“Only three working days in the field next week are left of our excavation season in Saqqara. As usual, the most exciting finds come up at the end, now in fact right on time to please our former field director (and RMO curator) Maarten Raven, who visited us for a few days this week. We have now reached the bottom of the Ramesside layer and found a few decorated blocks from the north wall of the larger of the two Ramesside chapels uncovered in 2017. Again, unfortunately, no name has been preserved. Also the third, new chapel was freed from the sand and now shows, for example, a beautiful burial procession scene with many vivid colours still preserved. Yet again the chapel owner remains anonymous. Perhaps we will find a name when we will excavate the related shaft in 2019. Finally, beside recording and documentation, we have now also started to clean and restore the reliefs and architectural elements with the help of our Egyptian colleagues.”

Lara Weiss

Artist Alice Salvador drawing objects in the tomb of Horemheb.


Our Egyptian colleagues restoring the larger Ramesside chapel north of the tomb of Maya.

“Loose Bone Material”
(by Ali Jelene Scheers, Bone specialist)

Since arriving in Saqqara two weeks ago, I’ve been working on the bone material: new finds as well as bones found in previous seasons. When I arrived the new storage space in the tomb of Maya had just been finished. The bones found during the excavations of the tombs of both Maya and ‘Pay & Raia’ had been stored here in wooden crates since they were last studied. These crates were labeled by the previous excavators, but the storage situation was not ideal. Stacked five high on top of each other, the wooden crates had started to deteriorate considerably since the late ’80s and ’90s. A carpenter has now built wooden shelves, which greatly improves the accessibility of the crates (especially if you need a crate from the very bottom!) and creates a safer work environment (no more collapsing crates). When I arrived, all crates were put out into the forecourt of the tomb of Maya to make space for the construction works inside the storage room. I spent the first few days in the field figuring out what was in the crates, making an inventory, and then placing the bone material orderly into the ‘new’ storage room. From next year onwards, the bone material will be placed in plastic boxes as a next step of improvement, in terms of both storage and accessibility of the material for future research.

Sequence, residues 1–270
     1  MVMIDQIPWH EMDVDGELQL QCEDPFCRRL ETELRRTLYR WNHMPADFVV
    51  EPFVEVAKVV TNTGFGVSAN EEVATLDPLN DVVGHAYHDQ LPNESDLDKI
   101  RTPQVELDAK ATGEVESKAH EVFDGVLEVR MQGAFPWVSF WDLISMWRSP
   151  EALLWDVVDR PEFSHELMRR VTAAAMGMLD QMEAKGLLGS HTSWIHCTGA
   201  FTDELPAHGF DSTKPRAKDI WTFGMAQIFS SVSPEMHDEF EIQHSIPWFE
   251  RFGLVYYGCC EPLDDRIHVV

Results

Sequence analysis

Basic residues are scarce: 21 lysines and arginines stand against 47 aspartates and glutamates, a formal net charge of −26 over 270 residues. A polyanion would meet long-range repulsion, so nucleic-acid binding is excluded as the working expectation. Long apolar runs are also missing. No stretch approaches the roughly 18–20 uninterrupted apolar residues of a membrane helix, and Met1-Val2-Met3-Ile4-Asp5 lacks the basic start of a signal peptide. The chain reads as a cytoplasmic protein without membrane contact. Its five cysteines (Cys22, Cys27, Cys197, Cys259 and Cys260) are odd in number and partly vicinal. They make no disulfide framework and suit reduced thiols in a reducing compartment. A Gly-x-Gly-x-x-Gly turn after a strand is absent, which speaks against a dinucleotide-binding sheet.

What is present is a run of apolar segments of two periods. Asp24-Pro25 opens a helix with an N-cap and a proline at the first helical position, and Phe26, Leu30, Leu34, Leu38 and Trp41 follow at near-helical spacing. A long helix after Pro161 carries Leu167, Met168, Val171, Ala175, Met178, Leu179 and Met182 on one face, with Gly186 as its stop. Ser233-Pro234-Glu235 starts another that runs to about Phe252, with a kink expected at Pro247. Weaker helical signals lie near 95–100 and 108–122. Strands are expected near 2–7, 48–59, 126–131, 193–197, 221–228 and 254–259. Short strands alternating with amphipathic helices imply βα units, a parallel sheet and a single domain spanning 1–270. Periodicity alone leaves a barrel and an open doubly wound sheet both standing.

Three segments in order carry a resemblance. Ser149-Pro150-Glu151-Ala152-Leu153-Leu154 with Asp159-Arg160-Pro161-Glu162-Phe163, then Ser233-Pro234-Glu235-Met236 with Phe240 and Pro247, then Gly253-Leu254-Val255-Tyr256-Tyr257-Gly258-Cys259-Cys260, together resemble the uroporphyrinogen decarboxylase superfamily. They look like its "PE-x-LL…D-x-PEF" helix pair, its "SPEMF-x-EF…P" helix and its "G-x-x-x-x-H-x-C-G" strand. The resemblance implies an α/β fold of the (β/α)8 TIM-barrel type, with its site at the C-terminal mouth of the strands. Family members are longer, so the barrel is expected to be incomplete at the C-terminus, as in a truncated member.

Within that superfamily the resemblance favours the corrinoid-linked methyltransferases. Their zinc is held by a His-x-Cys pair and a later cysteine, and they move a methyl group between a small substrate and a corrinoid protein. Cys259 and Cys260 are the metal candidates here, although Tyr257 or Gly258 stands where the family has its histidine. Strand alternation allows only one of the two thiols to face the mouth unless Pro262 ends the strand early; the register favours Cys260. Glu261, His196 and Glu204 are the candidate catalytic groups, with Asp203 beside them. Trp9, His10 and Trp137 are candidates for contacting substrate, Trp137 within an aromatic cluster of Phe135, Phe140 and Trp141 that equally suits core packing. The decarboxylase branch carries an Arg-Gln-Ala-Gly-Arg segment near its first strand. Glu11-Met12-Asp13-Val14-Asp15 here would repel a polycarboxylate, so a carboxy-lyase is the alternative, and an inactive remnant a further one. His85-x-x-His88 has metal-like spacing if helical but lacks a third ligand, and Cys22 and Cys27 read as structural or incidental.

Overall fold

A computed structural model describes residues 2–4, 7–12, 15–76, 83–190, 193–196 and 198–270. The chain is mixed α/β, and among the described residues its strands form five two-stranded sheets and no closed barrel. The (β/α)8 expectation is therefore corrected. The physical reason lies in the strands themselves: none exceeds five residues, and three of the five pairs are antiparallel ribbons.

Ali sorting the crates in the new storage shelves.